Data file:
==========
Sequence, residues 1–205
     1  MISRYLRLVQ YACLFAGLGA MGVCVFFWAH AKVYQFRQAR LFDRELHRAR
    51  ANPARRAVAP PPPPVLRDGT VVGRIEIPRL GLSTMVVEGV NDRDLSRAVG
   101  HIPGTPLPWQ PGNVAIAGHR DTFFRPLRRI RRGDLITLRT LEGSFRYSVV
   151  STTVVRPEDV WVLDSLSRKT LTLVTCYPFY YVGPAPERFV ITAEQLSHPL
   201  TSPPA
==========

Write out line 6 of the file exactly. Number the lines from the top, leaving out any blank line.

   201  TSPPA